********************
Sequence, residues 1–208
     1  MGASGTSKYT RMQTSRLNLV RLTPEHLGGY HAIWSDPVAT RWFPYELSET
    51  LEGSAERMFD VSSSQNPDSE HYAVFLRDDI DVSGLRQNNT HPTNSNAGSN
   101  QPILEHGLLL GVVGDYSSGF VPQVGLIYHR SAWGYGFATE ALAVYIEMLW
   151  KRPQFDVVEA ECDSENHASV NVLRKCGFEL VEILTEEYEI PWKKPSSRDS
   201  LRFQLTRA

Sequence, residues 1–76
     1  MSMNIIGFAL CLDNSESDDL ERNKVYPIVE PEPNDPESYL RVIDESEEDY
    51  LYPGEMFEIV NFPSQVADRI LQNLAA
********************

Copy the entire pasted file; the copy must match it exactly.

Sequence, residues 1–208
     1  MGASGTSKYT RMQTSRLNLV RLTPEHLGGY HAIWSDPVAT RWFPYELSET
    51  LEGSAERMFD VSSSQNPDSE HYAVFLRDDI DVSGLRQNNT HPTNSNAGSN
   101  QPILEHGLLL GVVGDYSSGF VPQVGLIYHR SAWGYGFATE ALAVYIEMLW
   151  KRPQFDVVEA ECDSENHASV NVLRKCGFEL VEILTEEYEI PWKKPSSRDS
   201  LRFQLTRA

Sequence, residues 1–76
     1  MSMNIIGFAL CLDNSESDDL ERNKVYPIVE PEPNDPESYL RVIDESEEDY
    51  LYPGEMFEIV NFPSQVADRI LQNLAA